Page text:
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Cyprus Mail: News Articles in English, 99-10-21

Cyprus Mail: News Articles in English Directory - Previous Article - Next Article

From: The Cyprus Mail at <>

Thursday, October 21, 1999


  • [01] Moses fails to break Cyprus impasse
  • [02] Government admits failure to reduce road deaths
  • [03] Officials call on parents to destroy danger guns
  • [04] Shares soar on pre-trading
  • [05] Authorities appeal for public help to stamp out dog thefts
  • [06] Syrian 'sold citizenship to compatriots'
  • [07] EAC employees accused of doing private work on state time
  • [08] Anti-corruption conference kicks off in Limassol
  • [09] September tourism up 14.3 per cent

  • [01] Moses fails to break Cyprus impasse

    By Jean Christou

    US ENVOY Alfred Moses has failed to break the impasse which has stalled the Cyprus peace talks for over two years, the government said yesterday.

    Following a day of previously unscheduled shuttle diplomacy between the two sides, which culminated in a second meeting with President Glafcos Clerides, government spokesman Michalis Papapetrou said Moses had not made any progress.

    "It is obvious that Mr Moses has not change the totally intransigent position of Mr Denktash," Papapetrou said after the meeting.

    Moses had three meetings with the Turkish Cypriot leader, Rauf Denktash, one on Tuesday night and two yesterday, which were not previously scheduled and for which the US envoy cancelled a meeting with Foreign Minister Yiannakis Cassoulides.

    The day's activities revived memories of the last visit to Cyprus of Moses's predecessor, international troubleshooter Richard Holbrooke, who engaged in a similar flurry of shuttle diplomacy in May 1997 only to leave the island empty handed.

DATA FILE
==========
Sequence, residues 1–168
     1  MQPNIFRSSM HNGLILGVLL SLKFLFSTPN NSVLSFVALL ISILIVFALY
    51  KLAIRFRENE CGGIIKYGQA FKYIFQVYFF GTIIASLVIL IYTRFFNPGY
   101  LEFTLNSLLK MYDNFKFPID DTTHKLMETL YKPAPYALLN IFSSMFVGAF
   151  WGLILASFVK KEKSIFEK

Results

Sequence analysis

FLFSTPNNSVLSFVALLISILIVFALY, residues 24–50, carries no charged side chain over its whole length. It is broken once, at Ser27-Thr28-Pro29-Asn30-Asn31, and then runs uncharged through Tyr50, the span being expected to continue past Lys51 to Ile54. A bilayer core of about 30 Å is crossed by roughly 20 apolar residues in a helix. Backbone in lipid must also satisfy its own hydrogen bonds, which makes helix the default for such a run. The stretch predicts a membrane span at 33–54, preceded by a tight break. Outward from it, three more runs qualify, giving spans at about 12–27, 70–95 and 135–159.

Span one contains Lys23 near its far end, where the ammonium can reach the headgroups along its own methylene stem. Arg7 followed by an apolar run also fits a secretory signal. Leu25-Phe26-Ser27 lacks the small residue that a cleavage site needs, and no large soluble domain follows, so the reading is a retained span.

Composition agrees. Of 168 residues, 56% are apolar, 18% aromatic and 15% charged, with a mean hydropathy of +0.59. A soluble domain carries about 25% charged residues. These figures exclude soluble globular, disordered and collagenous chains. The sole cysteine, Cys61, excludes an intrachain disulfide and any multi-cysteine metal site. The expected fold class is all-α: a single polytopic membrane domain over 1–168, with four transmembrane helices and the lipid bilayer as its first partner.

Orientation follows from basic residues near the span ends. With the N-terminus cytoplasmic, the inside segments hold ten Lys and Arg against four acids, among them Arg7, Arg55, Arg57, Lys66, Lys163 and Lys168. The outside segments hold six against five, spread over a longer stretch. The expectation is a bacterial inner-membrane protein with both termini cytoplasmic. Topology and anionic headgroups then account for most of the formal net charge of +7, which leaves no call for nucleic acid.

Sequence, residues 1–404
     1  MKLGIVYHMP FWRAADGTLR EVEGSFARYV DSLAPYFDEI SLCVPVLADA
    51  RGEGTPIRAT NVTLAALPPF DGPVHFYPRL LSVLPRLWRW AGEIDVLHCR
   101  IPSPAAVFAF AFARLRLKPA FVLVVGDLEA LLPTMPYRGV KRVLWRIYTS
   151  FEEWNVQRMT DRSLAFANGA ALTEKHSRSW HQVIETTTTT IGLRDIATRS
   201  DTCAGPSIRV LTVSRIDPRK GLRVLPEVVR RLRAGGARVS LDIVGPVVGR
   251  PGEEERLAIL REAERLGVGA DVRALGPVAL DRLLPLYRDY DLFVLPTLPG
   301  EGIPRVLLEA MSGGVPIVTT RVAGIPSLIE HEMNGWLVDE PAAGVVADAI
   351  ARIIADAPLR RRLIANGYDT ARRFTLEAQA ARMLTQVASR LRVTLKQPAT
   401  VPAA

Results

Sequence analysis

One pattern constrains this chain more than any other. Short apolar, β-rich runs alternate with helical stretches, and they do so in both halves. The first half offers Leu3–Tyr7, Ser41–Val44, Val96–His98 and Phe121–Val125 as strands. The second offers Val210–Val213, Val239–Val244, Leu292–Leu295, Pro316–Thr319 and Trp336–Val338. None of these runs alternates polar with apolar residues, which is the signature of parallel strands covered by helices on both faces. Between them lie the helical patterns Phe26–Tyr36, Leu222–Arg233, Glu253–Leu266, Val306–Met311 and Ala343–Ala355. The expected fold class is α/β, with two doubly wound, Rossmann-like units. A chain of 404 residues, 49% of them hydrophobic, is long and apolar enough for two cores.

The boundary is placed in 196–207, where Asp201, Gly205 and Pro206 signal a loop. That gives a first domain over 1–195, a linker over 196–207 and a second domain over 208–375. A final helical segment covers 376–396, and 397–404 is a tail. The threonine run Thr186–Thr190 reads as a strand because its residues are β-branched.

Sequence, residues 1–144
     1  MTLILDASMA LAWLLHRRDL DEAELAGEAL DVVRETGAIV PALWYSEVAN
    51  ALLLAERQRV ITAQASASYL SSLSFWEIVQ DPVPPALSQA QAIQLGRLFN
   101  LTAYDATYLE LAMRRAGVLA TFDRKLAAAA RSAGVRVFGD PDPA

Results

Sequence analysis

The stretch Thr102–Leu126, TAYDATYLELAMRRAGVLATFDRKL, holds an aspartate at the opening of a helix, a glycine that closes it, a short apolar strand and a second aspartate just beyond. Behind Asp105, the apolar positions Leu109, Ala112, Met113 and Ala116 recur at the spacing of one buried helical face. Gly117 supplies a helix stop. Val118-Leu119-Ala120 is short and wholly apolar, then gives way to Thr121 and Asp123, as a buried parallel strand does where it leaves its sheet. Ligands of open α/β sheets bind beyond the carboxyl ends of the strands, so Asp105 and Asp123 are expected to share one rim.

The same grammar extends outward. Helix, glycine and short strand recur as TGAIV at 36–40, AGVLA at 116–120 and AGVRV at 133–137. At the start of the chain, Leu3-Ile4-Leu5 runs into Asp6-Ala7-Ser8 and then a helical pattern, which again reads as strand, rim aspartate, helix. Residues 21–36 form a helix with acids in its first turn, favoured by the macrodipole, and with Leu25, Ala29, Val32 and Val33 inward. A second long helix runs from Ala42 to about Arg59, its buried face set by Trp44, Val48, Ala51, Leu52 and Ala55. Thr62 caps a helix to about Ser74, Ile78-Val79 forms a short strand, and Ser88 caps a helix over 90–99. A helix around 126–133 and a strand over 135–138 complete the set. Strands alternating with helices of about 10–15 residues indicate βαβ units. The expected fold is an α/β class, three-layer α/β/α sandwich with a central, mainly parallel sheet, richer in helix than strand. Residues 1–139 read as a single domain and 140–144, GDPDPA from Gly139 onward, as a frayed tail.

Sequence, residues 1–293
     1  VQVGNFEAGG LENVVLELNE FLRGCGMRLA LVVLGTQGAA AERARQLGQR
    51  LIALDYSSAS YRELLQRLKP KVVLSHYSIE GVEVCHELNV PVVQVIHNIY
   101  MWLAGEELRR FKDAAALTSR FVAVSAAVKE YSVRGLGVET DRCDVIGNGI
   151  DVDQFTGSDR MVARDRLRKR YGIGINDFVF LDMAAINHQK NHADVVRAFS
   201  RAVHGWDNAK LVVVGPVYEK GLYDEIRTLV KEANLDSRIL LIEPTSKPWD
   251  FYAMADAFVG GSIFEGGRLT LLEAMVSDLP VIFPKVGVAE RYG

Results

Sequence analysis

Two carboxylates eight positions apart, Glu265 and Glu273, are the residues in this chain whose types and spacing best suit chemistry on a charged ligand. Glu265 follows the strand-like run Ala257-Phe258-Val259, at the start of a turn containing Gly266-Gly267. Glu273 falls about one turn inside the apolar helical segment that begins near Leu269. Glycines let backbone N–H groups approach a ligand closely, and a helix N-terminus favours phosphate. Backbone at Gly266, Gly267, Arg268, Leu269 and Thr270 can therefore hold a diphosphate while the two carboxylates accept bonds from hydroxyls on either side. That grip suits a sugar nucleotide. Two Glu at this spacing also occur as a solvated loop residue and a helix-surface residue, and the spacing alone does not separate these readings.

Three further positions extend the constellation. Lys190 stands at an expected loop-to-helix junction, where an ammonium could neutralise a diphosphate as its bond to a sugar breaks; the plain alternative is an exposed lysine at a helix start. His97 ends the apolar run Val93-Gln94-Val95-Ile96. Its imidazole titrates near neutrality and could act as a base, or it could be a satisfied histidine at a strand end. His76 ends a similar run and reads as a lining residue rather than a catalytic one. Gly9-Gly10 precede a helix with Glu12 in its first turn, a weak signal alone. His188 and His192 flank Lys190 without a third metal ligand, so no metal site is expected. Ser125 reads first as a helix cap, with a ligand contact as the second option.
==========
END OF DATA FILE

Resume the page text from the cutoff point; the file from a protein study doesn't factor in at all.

Denktash insists that for talks with the Greek Cypriot side to resume, his breakaway state in the north must first be recognised. He also wants the issue of a confederation on the negotiating table. The government of President Clerides rejects both notions.

    Speaking after his second meeting with Moses, Denktash yesterday said the US envoy had listened to both sides and would be back in the region within weeks.

    "What we have discussed behind closed doors we have agreed not to disclose...we will see what he will find out next time."

    Asked if he was likely to agree to meet President Clerides, Denktash said: "If Mr Clerides concedes certain realities, I don't see why not. The target will be to come to a mutual agreement, satisfactory to both sides".

    He repeated that talks could only take place after the recognition of his self-declared state.

    "We are both moving in the same direction," Moses told reporters after his meeting with the Turkish Cypriot leader.

    Moses had two meetings with Clerides, the first of which took place yesterday morning over breakfast and had been previously arranged. The two men met again yesterday afternoon in a meeting that had not been part of the US emissary's programme.

    Following the early morning meeting, Moses said his talks with Clerides had been good. He said he was optimistic.

    On Tuesday night, after his first meeting with Denktash, Moses said he believed his visit would be a productive one.

    But by the time he ended his second meeting with Clerides, Moses made no further statements to reporters. He is expected to make statements on his departure today.

    The US envoy, who arrived on the island on Monday night, was here to gauge the climate for the resumption of direct talks before US Secretary-general Kofi Annan makes a decision on whether to issue invitations to the two leaders.

    Papapetrou, the government spokesman, said that another visit by Moses could not be ruled out and added that the Greek Cypriot side still expected Annan to issue the invitations.

    "If Mr Denktash does not respond then the Secretary-general has to apportion blame," he said.

    Thursday, October 21, 1999

    [02] Government admits failure to reduce road deaths

    By Jean Christou

    THE GOVERNMENT has failed miserably in reducing the number of road deaths on the island, Communications and Works Minister Averof Neophytou said yesterday.